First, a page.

While they admit to not being nearly as cocky as their title characters in the new TV series “Franklin & Bash” on TNT, actors Breckin Meyer and Mark-Paul Gosselaar are looking forward to a debut season where they can let loose and have a little fun.

In “Franklin & Bash,” Meyer and Gosselaar play Jared Franklin and Peter Bash, two lifelong friends and lawyers who take their unconventional courtroom practices to a new law firm to prove they would do anything for their clients.

During an exclusive interview with me, Meyer and Gosselaar talked about what caught their attention from the show’s script and how the TV industry has changed over the last few years.

“Franklin & Bash” airs every Wednesday at 8 p.m. (CT) on TNT.

Would you say there’s a little “bromance” brewing between your characters in “Franklin & Bash” or has the term been overused already?

Mark-Paul Gosselaar: If that’s what it takes for viewers to watch, I guess we’ll accept that cute little moniker. But it’s more than a “bromance.” What separates this show from others in the legal genre is that here the legal aspect of the show is just a catalyst to allow us to look into these characters and who these guys really are.

Normally, when you see two male characters in a TV series they tend to be polar opposites – like another version of “The Odd Couple.” But it seems like the two of you are cut from the same cloth. How did that dynamic work out?

Breckin Meyer: I think one of the things I responded to the script when I initially read it was that it wasn’t set up as “The Odd Couple” in a law firm. They are both funny guys. They both have an unorthodox approach in the courtroom, but they are different. To me, that just made it more layered as a character piece.

How close are the both of you to these confident, cocky characters you play on this show?

MPG: I’m much more reserved and private. I’m not as confident or cocky at all. That’s why it’s so much fun to play these characters because what we’re trying to constantly do on this show is keep it as realistic as possible.

BM: Yeah, Jared definitely has more moxie than I do. He likes to stick it to authority more than I do. That’s part of the fun playing him.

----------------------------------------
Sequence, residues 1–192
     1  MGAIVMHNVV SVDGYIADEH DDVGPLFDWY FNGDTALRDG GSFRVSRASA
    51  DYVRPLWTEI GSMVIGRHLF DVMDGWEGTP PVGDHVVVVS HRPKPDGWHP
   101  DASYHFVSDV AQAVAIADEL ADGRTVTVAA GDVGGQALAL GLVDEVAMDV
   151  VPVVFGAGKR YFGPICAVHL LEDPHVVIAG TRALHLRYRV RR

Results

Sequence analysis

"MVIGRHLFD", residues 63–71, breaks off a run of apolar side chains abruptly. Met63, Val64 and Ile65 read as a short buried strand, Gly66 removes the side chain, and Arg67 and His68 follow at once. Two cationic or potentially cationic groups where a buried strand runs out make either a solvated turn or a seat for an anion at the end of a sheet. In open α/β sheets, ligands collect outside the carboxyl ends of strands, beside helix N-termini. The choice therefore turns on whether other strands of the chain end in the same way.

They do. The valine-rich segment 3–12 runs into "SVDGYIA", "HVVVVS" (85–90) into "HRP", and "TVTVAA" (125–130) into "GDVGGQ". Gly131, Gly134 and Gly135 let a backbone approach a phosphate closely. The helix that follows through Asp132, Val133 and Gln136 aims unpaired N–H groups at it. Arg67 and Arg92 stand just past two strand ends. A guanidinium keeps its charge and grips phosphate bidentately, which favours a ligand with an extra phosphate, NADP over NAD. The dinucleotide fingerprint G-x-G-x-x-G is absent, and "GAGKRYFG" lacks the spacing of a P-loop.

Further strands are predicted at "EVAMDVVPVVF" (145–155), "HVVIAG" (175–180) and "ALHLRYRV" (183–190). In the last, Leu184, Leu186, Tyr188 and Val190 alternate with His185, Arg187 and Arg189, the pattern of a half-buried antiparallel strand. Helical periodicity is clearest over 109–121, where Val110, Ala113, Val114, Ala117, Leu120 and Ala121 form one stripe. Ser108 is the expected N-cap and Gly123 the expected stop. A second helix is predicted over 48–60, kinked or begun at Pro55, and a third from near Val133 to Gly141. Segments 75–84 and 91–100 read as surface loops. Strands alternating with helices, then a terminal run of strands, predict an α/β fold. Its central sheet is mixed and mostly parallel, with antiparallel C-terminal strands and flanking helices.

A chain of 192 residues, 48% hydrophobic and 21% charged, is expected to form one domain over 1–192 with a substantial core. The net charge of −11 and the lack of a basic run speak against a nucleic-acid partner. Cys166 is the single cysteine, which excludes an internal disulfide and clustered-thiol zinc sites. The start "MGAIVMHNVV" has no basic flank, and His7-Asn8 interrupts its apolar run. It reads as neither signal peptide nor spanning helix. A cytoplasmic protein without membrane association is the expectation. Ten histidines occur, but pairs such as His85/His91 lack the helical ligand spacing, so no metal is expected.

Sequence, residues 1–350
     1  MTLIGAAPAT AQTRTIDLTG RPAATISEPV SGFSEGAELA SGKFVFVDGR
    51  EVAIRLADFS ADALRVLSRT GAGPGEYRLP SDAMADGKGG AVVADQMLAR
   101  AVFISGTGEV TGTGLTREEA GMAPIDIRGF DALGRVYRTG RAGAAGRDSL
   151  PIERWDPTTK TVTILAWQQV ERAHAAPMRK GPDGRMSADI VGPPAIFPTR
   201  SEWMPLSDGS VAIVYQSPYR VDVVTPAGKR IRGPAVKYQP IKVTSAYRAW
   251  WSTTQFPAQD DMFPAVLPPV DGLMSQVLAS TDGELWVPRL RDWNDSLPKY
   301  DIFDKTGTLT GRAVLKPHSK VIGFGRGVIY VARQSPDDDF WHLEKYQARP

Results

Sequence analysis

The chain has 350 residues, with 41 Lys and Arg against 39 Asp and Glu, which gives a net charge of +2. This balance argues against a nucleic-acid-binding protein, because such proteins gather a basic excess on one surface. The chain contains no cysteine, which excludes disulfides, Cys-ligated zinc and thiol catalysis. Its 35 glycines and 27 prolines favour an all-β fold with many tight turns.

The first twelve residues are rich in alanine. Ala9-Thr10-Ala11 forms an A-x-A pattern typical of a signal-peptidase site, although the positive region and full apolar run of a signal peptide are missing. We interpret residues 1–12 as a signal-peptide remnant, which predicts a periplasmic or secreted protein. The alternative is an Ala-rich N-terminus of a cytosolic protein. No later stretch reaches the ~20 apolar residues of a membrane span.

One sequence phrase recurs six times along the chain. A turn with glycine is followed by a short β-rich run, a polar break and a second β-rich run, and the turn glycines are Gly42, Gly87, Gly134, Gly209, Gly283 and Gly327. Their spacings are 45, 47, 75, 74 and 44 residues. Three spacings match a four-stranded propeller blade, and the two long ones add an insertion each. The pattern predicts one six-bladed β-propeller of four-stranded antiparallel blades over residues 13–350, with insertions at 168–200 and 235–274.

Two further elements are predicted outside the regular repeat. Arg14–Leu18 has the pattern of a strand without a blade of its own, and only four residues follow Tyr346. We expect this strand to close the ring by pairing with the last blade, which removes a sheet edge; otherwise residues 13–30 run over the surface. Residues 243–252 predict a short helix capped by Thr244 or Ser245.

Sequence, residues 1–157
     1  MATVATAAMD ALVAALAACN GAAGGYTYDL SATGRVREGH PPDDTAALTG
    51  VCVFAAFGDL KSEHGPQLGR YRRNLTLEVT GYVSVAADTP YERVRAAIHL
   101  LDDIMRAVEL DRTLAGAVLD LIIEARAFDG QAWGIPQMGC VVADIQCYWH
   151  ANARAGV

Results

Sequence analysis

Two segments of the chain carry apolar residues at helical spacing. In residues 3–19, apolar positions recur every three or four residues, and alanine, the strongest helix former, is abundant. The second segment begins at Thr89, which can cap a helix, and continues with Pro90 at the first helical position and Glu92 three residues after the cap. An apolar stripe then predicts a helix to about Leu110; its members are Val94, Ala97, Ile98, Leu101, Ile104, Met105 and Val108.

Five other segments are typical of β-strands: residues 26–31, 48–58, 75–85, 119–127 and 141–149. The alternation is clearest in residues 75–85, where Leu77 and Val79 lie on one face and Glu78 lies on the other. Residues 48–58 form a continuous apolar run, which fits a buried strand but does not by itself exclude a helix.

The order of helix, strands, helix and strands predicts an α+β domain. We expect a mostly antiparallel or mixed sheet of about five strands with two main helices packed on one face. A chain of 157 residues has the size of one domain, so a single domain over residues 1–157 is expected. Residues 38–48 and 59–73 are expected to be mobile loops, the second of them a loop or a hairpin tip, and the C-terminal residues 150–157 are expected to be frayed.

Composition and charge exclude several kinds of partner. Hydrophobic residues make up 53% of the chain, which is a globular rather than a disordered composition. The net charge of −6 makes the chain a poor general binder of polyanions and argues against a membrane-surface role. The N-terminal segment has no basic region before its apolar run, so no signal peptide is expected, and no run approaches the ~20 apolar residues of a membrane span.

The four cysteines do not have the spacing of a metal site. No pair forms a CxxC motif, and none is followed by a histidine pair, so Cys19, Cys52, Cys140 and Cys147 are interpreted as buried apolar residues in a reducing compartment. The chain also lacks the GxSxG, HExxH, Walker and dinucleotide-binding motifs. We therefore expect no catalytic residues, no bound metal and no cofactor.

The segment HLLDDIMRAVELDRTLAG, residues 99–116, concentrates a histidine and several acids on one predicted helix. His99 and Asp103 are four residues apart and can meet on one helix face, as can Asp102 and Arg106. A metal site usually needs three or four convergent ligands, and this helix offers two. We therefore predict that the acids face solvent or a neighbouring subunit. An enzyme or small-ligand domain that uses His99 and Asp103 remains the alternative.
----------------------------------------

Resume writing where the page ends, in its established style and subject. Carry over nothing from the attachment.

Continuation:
How has taking on a TV role changed over the years? The TV industry isn’t the little brother of the film industry anymore. It seems like everyone wants to be a part of a series now.

BM: I think the line between TV and film has definitely blurred in a good way. You can jump between both now. For me “Franklin & Bash” was the best thing I had read in a while and I wanted to do it. The fact that it was TV had little to do with it.

In real life, lawyers are not usually met with great admiration. Why do you think the occupation gets such a bad rap all the time?

MPG: I think lawyers are usually synonymous with bad times. You don’t really need a lawyer until shit happens. I don’t know if all lawyers are bad, but they’re usually around for bad times.

Do either of you have a lawyer’s number in your cell phone right now?

BM: I actually do have a lawyer’s number in my cell phone. It’s not a criminal lawyer. If you’re thinking about committing a crime, I’d say jot a lawyers name down.

You both have been on TV shows that have been cancelled. Even though the quality of TV has changed for the better over the last few years, is the TV industry still as unpredictable as ever?

BM: It may be a little more cutthroat now, but it’s always been this way. It’s always been a gypsy lifestyle for an actor. There are so many variables that are out of your control when you’re doing a show. As an actor you get the job, say the words and hopefully connect with the audience. This is a show with a rare combination of actors, producers, writers, and guest stars all coming together and really having a blast. Hopefully, that translates to the screen.

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